Establishing Relational Responding in Accordance with More-than and Less-than as Generalized Operant Behavior in Young Children
Barnes-Holmes, Yvonne and Barnes-Holmes, Dermot and Smeets, Paul M. and Strand, Paul and Friman, Patrick (2004) Establishing Relational Responding in Accordance with More-than and Less-than as Generalized Operant Behavior in Young Children. International Journal of Psychology and Psychological Therapy, 4 . pp. 531-558.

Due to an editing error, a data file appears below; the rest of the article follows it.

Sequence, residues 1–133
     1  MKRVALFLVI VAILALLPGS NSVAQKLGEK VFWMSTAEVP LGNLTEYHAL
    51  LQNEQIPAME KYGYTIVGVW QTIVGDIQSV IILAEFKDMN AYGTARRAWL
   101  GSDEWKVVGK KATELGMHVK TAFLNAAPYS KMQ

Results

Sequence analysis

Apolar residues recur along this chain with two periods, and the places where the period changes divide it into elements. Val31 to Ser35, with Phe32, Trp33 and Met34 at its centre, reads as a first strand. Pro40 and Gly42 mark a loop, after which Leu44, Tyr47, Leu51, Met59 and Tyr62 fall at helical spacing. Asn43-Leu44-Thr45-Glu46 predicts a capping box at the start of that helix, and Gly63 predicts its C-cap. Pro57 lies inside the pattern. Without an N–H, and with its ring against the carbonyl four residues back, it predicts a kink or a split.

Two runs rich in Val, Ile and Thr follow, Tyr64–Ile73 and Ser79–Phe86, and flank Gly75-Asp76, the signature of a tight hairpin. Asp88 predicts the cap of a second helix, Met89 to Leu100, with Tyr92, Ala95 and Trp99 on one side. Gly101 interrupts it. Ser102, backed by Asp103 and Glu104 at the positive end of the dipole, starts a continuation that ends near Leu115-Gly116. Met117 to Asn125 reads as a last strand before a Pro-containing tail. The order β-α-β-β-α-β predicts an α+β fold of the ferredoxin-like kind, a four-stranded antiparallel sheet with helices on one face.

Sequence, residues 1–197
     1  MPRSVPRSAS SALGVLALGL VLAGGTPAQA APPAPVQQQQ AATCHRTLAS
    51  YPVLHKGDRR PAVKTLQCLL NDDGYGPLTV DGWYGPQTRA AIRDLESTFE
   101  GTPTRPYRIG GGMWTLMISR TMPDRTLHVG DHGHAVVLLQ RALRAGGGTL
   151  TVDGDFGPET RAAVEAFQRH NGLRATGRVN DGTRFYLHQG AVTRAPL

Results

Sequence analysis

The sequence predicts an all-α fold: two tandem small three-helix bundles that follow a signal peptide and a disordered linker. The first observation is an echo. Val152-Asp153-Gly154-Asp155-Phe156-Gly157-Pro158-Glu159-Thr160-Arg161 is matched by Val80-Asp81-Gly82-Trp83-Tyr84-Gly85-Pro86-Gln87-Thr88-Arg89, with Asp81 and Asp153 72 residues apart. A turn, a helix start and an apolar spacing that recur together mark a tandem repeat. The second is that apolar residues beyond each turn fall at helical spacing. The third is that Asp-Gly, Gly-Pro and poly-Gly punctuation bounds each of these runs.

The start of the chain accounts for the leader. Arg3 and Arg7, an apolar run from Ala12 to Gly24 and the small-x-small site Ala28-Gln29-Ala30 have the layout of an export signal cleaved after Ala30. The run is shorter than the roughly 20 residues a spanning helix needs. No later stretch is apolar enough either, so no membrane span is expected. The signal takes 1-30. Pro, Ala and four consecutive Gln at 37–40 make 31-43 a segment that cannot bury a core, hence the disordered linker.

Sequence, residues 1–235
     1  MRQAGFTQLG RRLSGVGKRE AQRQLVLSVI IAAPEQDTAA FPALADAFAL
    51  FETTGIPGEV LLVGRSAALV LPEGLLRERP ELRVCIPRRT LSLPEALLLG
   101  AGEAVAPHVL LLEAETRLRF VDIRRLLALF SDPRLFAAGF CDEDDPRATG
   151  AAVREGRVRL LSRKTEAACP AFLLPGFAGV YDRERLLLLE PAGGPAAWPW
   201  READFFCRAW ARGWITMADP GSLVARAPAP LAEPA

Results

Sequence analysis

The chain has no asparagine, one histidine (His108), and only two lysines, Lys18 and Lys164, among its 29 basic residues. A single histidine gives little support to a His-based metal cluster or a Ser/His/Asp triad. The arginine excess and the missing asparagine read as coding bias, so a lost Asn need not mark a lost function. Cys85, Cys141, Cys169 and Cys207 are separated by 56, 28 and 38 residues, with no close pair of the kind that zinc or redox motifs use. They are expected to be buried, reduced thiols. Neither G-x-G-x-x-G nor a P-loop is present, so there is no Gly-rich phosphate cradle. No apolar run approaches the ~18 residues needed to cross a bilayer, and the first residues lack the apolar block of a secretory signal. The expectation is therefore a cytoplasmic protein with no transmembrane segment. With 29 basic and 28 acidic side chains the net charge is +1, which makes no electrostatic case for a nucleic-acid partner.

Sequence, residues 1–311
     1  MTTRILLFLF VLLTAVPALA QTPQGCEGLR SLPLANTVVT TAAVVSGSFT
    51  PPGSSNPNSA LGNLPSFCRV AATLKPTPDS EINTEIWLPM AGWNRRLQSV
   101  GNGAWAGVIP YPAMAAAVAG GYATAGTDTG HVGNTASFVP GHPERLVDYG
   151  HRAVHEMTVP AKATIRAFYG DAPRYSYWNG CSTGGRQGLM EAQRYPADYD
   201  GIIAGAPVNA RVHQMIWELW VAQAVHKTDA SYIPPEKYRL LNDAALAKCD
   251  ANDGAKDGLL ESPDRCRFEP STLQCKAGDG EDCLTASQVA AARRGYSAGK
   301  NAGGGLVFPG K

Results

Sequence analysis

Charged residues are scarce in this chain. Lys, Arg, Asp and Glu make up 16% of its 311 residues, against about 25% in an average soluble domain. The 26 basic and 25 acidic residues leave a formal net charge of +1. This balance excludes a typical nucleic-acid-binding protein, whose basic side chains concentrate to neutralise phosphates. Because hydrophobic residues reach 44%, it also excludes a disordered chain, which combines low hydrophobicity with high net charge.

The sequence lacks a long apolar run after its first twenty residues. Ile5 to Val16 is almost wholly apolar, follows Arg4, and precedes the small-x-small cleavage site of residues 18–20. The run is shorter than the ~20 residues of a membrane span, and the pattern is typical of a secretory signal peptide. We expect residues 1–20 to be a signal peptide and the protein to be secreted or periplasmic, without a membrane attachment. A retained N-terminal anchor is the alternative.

The current study constitutes the first attempt to generate repertoires of relational responding, as generalized operant behaviors, when they are found to be absent in young children, using interventions suggested by Relational Frame Theory. Three children, aged between 4 and 6 years, were exposed to a basic problem-solving task that involved two or three identically-sized paper coins in an attempt to test and train patterns of relational responding in accordance with more-than and less-than. On each trial, the experimenter described how the coins compared to one another in terms of their value, and the child was then asked to pick the coin that would âbuy as many sweets as possibleâ. All three participants failed to pass baseline tests for specific patterns of arbitrary more and less responding. Interventions suggested by Relational Frame Theory, including training and testing across stimulus sets, were then successfully used to establish increasingly complex patterns of relational responding in all three children. Generalization tests demonstrated that the relational responding successfully generalized to novel stimuli and to a novel experimenter. In addition, the use of a non-contingent reinforcement condition for one participant, during which no improvement was made, together with contingency reversals for all children, indicated that the trained and tested relational responding may be considered a form of generalized operant behavior. These findings lend positive support to Relational Frame Theoryâs approach to derived relational responding, and to the functional analysis of human language and cognition. Alternative interpretations of the data are also considered.
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